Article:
$19.81 Day Trips & Excursions

West Highland Way Walk with Return Cruise on Loch Lomond from Tabet

Return ferry schedules allows time for a leisurely walk and picnic en route. This is a family friendly walk. Sturdy boots are recommended and please keep dogs under control. You will receive a complimentary coffee / tea on outward journey and a beer, wine or soft drink awaits you on your return There is live, informative commentary on all cruises with translations offered, and there are full bar facilities on board with tea, coffee and snacks also available.

$16.51 Cruises, Sailing & Water Tours

Loch Lomond Circular Cruise: Capercaillie from Luss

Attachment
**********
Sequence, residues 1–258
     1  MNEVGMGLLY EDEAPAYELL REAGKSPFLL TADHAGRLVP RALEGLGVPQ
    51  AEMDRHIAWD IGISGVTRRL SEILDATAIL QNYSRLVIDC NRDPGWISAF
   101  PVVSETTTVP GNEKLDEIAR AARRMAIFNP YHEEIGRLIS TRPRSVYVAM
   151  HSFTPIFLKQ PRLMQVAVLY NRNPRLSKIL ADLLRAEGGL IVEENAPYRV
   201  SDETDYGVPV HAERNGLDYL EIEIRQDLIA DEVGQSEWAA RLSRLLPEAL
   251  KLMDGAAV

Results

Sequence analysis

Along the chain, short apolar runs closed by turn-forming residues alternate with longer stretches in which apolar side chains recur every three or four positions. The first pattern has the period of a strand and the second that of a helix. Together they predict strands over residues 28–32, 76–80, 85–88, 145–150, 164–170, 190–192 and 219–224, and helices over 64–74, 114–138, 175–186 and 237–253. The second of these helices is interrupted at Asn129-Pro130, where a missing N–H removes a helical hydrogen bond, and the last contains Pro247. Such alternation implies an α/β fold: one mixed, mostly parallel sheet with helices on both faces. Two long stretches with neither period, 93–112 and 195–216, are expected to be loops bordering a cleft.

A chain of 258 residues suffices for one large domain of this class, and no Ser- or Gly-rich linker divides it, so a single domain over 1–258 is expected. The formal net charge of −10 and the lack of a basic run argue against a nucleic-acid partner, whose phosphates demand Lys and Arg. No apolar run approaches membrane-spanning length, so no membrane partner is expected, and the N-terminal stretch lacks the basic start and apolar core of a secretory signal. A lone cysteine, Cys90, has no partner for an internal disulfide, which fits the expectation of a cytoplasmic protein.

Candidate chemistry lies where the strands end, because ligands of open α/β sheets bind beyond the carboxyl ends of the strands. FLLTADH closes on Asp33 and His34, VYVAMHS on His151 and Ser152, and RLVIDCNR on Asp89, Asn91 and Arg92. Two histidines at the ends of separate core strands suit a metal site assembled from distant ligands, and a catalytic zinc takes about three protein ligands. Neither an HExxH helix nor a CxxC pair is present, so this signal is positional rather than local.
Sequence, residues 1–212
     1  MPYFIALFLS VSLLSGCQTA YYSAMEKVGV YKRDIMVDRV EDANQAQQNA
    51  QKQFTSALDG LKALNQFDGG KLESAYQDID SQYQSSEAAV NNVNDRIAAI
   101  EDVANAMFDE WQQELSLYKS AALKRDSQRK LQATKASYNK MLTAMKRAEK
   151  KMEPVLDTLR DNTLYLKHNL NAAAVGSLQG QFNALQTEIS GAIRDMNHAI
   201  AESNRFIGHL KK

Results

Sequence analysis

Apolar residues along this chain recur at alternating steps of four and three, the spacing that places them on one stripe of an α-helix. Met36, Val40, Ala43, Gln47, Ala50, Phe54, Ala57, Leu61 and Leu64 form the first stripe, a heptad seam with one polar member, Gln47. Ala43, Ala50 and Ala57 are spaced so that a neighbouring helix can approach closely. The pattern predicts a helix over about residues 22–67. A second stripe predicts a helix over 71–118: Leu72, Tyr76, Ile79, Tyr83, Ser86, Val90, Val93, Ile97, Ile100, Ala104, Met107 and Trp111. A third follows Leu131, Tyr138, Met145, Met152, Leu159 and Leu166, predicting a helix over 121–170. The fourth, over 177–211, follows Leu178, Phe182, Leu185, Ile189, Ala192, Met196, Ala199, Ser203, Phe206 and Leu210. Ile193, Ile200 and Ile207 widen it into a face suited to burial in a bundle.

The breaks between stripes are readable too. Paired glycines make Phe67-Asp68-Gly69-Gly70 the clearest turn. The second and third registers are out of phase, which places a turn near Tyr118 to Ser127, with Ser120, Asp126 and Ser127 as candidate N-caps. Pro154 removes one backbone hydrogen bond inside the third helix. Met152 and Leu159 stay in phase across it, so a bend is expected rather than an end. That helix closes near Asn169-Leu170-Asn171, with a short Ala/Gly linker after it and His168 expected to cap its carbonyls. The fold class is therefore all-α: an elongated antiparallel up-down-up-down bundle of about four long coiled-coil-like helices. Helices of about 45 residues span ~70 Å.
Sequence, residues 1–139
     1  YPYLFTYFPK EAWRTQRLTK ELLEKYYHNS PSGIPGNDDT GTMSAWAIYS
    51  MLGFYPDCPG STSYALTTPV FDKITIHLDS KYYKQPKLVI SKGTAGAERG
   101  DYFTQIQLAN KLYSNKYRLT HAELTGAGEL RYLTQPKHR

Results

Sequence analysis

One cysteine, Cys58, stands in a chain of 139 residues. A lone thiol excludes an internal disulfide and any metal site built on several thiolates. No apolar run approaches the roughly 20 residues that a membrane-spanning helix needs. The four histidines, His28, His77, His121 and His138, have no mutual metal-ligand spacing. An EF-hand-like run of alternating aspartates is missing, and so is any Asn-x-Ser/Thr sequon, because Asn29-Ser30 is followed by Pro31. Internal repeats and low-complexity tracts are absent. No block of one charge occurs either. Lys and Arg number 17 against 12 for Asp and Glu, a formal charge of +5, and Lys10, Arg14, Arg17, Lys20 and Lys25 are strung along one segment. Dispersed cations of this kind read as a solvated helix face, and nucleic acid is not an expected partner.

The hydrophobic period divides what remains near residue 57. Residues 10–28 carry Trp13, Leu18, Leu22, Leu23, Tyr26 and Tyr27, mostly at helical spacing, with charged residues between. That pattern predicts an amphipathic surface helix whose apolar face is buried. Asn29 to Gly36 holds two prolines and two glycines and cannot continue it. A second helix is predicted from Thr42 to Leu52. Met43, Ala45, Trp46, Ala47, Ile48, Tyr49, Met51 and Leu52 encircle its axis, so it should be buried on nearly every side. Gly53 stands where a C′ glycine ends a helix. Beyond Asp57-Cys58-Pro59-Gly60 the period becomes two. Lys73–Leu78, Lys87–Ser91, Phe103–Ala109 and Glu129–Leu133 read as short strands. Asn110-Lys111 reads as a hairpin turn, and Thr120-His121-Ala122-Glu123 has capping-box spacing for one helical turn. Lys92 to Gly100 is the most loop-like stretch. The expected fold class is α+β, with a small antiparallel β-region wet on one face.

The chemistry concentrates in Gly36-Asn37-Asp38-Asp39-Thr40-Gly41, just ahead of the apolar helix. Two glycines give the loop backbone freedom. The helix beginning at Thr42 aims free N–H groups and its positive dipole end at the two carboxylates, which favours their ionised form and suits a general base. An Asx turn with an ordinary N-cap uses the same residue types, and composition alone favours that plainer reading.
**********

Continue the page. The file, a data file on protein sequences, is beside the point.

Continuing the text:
Enjoy a leisurely 90 minute circular cruise, around the island jewels and explore the historic Lomond landscape – listen to live commentary on the marauding Vikings to feuding clans. Watch out for wildlife and a chance to see deer; osprey and even wallabies!This circular cruise departs from Luss Pier and brings live commentary about St Kessog’s Christianity in the 6th century and the Vikings who left a 9th Century Hogback stone in the churchyard. In the 13th century, the Clan Colquhoun controlled the area so clan feuding ensued, but in more peaceful times they built the village of Luss for workers in the slate and cotton industries. Today, locals welcome visitors who come to appreciate the area’s natural and cultural heritageThere is live, informative commentary on all cruises with translations offered, and there are full bar facilities on board with tea, coffee and snacks also available.